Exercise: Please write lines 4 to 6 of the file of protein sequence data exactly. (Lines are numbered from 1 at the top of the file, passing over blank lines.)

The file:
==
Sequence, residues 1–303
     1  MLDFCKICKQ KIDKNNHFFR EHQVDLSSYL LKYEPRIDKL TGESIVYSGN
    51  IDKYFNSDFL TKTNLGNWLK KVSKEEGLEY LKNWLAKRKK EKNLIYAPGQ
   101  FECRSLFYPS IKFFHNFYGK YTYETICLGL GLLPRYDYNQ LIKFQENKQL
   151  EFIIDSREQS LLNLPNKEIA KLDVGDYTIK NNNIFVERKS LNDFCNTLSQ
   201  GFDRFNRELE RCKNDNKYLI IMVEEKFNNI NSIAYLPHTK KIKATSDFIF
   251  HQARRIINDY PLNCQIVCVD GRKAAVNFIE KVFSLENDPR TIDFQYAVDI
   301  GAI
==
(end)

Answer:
   101  FECRSLFYPS IKFFHNFYGK YTYETICLGL GLLPRYDYNQ LIKFQENKQL
   151  EFIIDSREQS LLNLPNKEIA KLDVGDYTIK NNNIFVERKS LNDFCNTLSQ
   201  GFDRFNRELE RCKNDNKYLI IMVEEKFNNI NSIAYLPHTK KIKATSDFIF